In summary, and back to the original question, why is Star Trek scary? At its best, Star Trek plays on that fear of being far away from home, under attack from forces unknown. There are dangerous alien planets, salt-sucking shape shifters and William Shatner trying to rape things. Star Trek is scary both ironically and unironically. It may not have aged too well, but who can forget Deanna Troi being turned into a cake? Or Jeffrey Combs with blue penises stuck to his head? Star Trek probably isn't scary, not really, but I do so enjoy writing about it. Sorry about that.
NOT THE LEAST BECAUSE IT FEATURES AN ANDROID WHO WRITES POETRY ABOUT HIS CAT.
I like bearded Riker because it hides some of the Smug
Other episodes of note are Schisms (crewmembers are abducted and experimented on) Conspiracy (an Invasion Of The Bodysnatchers thing) and my personal favourite, Realm Of Fear, which is a Lt. Barclay-heavy episode. Barclay is The A-Team's Murdock, and is therefore awesome. Realm Of Fear deals with Barclay's transporter phobia, and has weird transporter-worms and such. It feels like it should have a cameo from Freddy Krueger.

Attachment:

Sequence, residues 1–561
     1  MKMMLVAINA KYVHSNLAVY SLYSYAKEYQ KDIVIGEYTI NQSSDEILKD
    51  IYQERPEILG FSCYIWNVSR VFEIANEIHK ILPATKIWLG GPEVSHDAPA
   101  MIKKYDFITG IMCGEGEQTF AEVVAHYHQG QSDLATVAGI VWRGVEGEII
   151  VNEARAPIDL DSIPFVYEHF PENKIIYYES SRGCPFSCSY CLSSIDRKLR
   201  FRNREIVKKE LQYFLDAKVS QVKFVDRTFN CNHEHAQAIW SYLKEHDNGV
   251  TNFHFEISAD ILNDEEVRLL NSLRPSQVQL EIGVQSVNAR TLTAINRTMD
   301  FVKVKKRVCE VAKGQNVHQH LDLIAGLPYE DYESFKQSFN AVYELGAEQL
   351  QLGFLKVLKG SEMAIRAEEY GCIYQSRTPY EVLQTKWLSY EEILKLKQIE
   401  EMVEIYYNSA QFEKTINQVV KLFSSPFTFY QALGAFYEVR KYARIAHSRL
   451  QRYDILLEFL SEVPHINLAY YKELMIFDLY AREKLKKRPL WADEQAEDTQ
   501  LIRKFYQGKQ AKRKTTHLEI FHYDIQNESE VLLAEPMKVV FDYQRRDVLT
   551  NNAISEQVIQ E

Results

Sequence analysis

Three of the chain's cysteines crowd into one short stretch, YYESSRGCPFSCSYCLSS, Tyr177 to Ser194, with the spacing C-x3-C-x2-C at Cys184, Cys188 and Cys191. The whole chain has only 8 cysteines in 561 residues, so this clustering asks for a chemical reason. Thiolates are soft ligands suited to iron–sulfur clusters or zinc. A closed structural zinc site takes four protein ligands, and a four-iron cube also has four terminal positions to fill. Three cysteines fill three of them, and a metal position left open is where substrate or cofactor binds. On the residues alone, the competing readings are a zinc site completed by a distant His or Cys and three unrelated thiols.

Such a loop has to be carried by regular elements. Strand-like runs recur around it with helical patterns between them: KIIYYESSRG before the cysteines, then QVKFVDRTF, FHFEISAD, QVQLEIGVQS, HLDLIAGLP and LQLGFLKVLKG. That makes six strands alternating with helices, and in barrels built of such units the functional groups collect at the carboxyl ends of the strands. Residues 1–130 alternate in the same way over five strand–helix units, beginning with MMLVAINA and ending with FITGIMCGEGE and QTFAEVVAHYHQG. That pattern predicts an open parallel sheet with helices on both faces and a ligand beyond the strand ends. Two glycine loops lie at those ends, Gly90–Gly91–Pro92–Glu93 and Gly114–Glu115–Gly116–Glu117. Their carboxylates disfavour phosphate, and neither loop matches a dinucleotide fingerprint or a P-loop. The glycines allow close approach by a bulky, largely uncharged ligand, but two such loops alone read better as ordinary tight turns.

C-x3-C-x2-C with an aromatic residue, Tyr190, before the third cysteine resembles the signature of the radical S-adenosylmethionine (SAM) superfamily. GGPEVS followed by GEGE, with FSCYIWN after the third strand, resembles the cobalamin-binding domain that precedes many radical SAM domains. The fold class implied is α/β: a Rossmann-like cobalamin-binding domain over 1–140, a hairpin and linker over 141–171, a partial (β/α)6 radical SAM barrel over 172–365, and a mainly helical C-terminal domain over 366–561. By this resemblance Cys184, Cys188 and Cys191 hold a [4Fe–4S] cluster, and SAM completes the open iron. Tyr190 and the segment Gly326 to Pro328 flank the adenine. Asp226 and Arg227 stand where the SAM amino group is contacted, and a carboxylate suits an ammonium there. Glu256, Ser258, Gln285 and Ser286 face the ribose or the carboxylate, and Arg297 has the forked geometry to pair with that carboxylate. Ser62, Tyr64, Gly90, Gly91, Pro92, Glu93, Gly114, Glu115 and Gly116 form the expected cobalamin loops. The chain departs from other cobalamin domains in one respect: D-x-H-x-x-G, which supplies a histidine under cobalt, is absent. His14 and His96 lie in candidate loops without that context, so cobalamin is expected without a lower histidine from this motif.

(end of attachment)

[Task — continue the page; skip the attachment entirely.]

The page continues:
And not even an erotic cake
Can Westlake rescue his love life and get revenge on the thugs what wronged him? And will there be a cameo from Bruce Campbell? All these questions and more are answered in Darkman. The movie is Sam Raimi on a form he wouldn't recover until Drag Me To Hell. There's black humour, ultraviolence and his brother Ted. Liam Neeson is brilliant as the conflicted hero, the underrated Frances McDormand makes for a sympathetic girlfriend and Larry Drake is reliably slimy as villain Durant. The action is extremely well done and the special effects do a wonderful job with Darkman and his shonky face.
Because it's St. Patrick's Day next week, I'm half Irish, and also why not, now commences a week of Irish themed updates. Top of the morning to ye, and other utterances.
Director: David Zucker (2003)
Starring: Charlie Sheen, Anna Faris, Leslie Neilsen, Pamela Anderson
Find it: IMDB, Amazon
Director: Mike Marvin (1986)